Stealing From God
“Will a man rob God? Yet ye have robbed me. But ye say, Wherein have we robbed thee? In tithes and offerings.”
April 7, 1974, the doors were flung open for the new Ambassador Auditorium’s first concert: Carlo Maria Giulini conducting the Vienna Symphony Orchestra.
The Auditorium had been the talk of the Worldwide Church of God for years. It was 13 years before—January of 1961—that WCG founder Herbert W. Armstrong was inspired with a plan to build “a house for God.” The Auditorium project became a priority, and Mr. Armstrong updated the church members on its progress regularly. They zealously contributed to a special building fund, over and above regular tithes and offerings that Mr. Armstrong felt should be used for preaching the gospel only. As time went on, drawings, pictures of models, and then of the ongoing stages of construction appeared in church publications. Finally it was finished, and its glittering inauguration brought a host of dignitaries from several countries.
The Auditorium brought world renown to Pasadena as it became a beacon of excellence in the performing arts. It also became a symbol of Mr. Armstrong’s 57-year ministry: a work that was built on the principle of give. Virtually everything the WCG produced was offered freely to the world, and, like the Auditorium, supported by the tithes and freewill offerings of the WCG members. Before Mr. Armstrong died on January 16, 1986, there were more than 100,000 members. Millions regularly tuned in to hear him on television each week. Eight million people subscribed to The Plain Truth, the flagship magazine of the church. Thousands of young people graduated from one of three colleges Mr. Armstrong raised up. His Ambassador Foundation conducted cultural, humanitarian, charitable and educational activities for international projects. He spoke with hundreds of world leaders as an unofficial ambassador for world peace.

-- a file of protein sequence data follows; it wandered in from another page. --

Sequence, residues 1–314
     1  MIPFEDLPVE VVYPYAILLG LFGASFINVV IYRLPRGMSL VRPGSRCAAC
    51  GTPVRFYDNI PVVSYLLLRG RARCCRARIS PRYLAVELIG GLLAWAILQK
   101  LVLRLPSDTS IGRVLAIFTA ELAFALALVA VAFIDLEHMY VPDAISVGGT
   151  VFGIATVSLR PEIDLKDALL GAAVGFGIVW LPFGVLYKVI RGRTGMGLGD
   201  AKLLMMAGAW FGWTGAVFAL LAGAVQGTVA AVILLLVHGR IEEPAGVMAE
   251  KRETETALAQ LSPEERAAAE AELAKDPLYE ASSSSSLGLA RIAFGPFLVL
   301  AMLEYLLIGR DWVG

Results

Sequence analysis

But in the 13 years years since his death, politics of destruction have reigned in the Worldwide Church of God. When the new administration took over in 1986, they immediately began making changes—administratively and doctrinally (see “The Agenda,” next page). Here are the fruits of this transformation: More than 60 percent of church membership have either left the church disgruntled or were excommunicated for resisting change. The Plain Truth’s
8 million circulation plummeted to less than 100,000. The television program, once on 400 stations, has been canceled. Ambassador College has been completely shut down; the Ambassador Foundation and the Cultural Foundation dissolved. To many WCG members and former members, these 13 years have been gut wrenching.
And all the while, a tight-knit band of administrators at the church’s headquarters have weathered the storm: the fleeing membership, the plummeting income, the downsizing and phasing out. They can now survey the desolate landscape of a once-prosperous church they’ve destroyed.
But they can do it with a smile. Last month, on the very day Mr. Armstrong died 13 years ago, the Los Angeles Times reported that WCG officials had sold the Ambassador campus and church headquarters in Pasadena for more than $100 million.
Today, the Auditorium, God’s house, awaits development as an “urban village.” And former church members gape, wondering what this small group of rebels will do with God’s money.